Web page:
Babies most developed sense at birth is touch. From watching your baby, you have probably worked out that babies sense and feel a lot through their mouths. Babies development is from the head to toe and from the centre point of the body to the outer limbs. Even older children put things in their mouth to sense them, to comfort them and to explore. Children of five have been shown to have more sensitivity in their faces than even their hands.
Babies are much better at sensing things with their mouths than hands and they are not able to really determine left and right-hand movements until two. Hand preferences do not appear until later. Studies also suggest that girls have a high sensitivity to touch than boys.
What about pain? What do babies feel?
Often in my baby massage classes, babies who have spent time in the NICU or had hospital procedures seem to have sensitivity around their feet due to heel prick tests. These babies sometimes cry during foot massage or even when their foot is held for massage. We try to connect the unpleasant sensation with something more positive; with smiles and coos and the production of oxytocin. Often just still touch or holding the foot can help to reassure and relax a baby.
Newborns do feel pain. Sadly it the beginning of the 19th Century babies were still being operated on without anesthetic because the medical profession believed that babies could not feel pain due to their brains not being developed. We now know this is completely not true and that babies are very sensitive to pain. There is even evidence that fetuses may be able to sense pain if there are procedures in the womb.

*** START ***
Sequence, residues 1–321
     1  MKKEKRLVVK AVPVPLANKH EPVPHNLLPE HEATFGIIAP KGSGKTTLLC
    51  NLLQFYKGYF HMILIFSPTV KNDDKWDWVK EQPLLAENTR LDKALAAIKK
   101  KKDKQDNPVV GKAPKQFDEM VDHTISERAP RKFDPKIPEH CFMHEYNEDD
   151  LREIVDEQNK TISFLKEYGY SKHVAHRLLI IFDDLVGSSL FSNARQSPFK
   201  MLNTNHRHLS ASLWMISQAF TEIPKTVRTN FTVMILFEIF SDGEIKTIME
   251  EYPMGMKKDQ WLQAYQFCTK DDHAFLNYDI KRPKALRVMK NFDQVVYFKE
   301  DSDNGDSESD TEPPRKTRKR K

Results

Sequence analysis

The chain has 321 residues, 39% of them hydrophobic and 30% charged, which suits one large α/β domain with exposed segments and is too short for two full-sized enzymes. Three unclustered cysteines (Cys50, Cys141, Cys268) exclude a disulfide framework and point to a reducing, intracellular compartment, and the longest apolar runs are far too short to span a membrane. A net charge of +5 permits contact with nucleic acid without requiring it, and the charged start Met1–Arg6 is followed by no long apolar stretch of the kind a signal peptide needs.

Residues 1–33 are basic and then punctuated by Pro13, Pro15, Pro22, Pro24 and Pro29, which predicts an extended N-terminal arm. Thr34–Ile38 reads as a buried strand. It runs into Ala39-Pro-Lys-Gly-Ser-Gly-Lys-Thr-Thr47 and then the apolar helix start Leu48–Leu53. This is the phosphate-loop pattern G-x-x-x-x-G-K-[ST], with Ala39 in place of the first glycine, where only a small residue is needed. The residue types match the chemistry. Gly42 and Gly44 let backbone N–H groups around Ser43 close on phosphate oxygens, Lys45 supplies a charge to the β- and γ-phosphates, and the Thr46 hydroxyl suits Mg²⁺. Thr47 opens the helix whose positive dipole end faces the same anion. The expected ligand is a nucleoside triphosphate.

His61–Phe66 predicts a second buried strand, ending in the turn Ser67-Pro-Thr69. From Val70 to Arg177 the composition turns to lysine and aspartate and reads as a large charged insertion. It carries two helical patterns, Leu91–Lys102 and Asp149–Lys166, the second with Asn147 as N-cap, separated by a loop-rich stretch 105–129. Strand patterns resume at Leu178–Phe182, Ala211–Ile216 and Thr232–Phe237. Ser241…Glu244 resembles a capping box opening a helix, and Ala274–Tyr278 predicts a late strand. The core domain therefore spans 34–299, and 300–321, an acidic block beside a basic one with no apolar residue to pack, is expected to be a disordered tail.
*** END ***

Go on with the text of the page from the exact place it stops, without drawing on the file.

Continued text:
A recent study suggests that touch can reduce activity in their brain associated with painful experiences. The study, by the University of Oxford and Liverpool John Moores University, monitored the brain activity of 32 babies while they had blood tests.
Half were stroked with a soft brush beforehand and they showed 40% less pain activity in their brain.
Parents often intuitively stroke their babies to soothe pain and this healing power of touch could be harness to reduce pain for young babies.
Prof Slater running the study said;
“If we can better understand the neurobiological underpinnings of techniques like infant massage, we can improve the advice we give to parents on how to comfort their babies….There was evidence to suggest that C-tactile afferents can be activated in babies and that slow, gentle touch can evoke changes in brain activity in infants….Previous work has shown that touch may increase parental bonding, decrease stress for both the parents and the baby, and reduce the length of hospital stay.”
Science is helping to reinforce what we have always known; when we fall we want someone to rub it better, when we are in pain, we seek cuddles, hugs and physical reassurance. Touch is the healing power at our fingertips.
Does this resonate with you?
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